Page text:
The mission of the TWA Museum is to provide information to the public emphasizing the story, history and importance of the major role TWA played in pioneering commercial aviation. From the birth of airmail to the inception of passenger air travel, to the post-WWII era of global route expansion, TWA led the way for 75 years.
The TWA Museum’s goal is to ensure a permanent, expanding and professionally exhibited collection of artifacts that bring the story of TWA to life here in Kansas City, where it all began. The Museum is dedicated to the preservation of the legacy of Trans World Airlines’ leadership in the world of commercial aviation.
Instrument Shop mechanic Tom Perry collected TWA items for many years and displayed them throughout the Trans World Airlines MCI Overhaul Base in Kansas City.
TWA eventually donated a large space for Tom’s collection near the employee cafeteria in the MCI Overhaul Base. The employees built a special case that exhibited his many items. The opening of the TWA Museum highlighted the pride that was – and still is – typical of virtually all former TWA employees and customers.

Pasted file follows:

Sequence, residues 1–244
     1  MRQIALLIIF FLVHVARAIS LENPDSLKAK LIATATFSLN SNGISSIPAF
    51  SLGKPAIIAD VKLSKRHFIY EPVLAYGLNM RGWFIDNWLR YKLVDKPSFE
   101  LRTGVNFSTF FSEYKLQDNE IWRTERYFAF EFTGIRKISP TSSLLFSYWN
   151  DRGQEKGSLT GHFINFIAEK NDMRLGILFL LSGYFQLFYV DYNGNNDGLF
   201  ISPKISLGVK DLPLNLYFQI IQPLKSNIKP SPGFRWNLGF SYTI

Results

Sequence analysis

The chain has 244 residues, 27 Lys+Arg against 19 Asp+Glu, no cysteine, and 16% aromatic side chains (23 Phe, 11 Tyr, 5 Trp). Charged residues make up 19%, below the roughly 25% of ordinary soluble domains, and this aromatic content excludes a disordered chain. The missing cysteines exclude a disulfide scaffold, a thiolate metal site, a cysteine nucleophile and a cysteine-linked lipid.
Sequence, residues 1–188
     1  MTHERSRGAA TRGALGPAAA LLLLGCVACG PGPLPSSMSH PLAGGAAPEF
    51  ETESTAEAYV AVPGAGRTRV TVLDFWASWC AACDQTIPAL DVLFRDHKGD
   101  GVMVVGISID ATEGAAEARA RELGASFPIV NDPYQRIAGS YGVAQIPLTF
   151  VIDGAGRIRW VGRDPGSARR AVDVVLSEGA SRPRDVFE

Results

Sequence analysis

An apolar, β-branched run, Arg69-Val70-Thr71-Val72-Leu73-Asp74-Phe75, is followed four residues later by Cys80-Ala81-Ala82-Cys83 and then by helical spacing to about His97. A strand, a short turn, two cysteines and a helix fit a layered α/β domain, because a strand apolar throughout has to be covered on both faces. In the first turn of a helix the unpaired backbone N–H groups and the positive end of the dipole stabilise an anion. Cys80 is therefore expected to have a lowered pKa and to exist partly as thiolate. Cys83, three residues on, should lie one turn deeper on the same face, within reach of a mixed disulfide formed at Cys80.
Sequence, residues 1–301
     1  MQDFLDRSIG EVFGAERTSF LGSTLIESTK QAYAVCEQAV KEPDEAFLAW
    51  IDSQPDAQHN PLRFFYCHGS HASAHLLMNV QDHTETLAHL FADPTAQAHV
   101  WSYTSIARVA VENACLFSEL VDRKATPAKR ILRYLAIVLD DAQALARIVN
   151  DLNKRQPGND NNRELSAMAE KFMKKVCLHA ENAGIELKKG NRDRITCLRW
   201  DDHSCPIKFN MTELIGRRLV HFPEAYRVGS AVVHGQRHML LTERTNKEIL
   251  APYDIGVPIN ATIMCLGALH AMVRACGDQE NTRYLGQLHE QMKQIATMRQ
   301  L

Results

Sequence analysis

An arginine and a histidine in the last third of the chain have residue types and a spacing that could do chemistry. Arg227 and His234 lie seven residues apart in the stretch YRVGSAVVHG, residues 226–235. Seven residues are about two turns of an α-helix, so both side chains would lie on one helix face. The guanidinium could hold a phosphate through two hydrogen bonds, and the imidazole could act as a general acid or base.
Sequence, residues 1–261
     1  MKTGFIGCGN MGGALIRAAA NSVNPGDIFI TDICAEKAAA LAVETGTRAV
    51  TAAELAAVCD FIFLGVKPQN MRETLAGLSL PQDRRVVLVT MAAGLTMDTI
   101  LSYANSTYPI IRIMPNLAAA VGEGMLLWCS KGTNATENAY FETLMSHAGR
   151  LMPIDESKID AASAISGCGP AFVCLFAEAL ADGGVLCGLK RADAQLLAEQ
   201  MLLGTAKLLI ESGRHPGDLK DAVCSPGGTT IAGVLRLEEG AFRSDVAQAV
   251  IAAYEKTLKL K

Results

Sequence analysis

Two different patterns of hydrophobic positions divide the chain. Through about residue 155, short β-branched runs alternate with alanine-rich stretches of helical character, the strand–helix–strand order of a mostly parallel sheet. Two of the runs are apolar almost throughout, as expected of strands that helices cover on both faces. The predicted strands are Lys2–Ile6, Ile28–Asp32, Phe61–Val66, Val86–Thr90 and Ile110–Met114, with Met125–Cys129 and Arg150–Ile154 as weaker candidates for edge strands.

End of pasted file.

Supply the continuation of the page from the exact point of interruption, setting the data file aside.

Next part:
Over the years, with the closing of TWA’s Kansas City Administration Center, the St. Louis Training Center and the Overhaul Base all museum items and displays came together at the Kansas City Expo Center.
TWA was a major sponsor for the 1996 celebration of the Smithsonian’s 150th Anniversary, and the TWA Museum’s collection traveled to twelve cities over a period of two years as part of “America’s Smithsonian” Exhibit.
The TWA Museum became a Chapter of the Platte County Historical Society in 1985 and was under the direction of Marie Trainer. In 2010 Pam Blaschum took over the direction of the TWA Museum and with Pat Brinkman worked diligently to secure a space for the TWA Museum in the original building that was built in 1931 to accommodate the newly formed TWA corporate headquarters.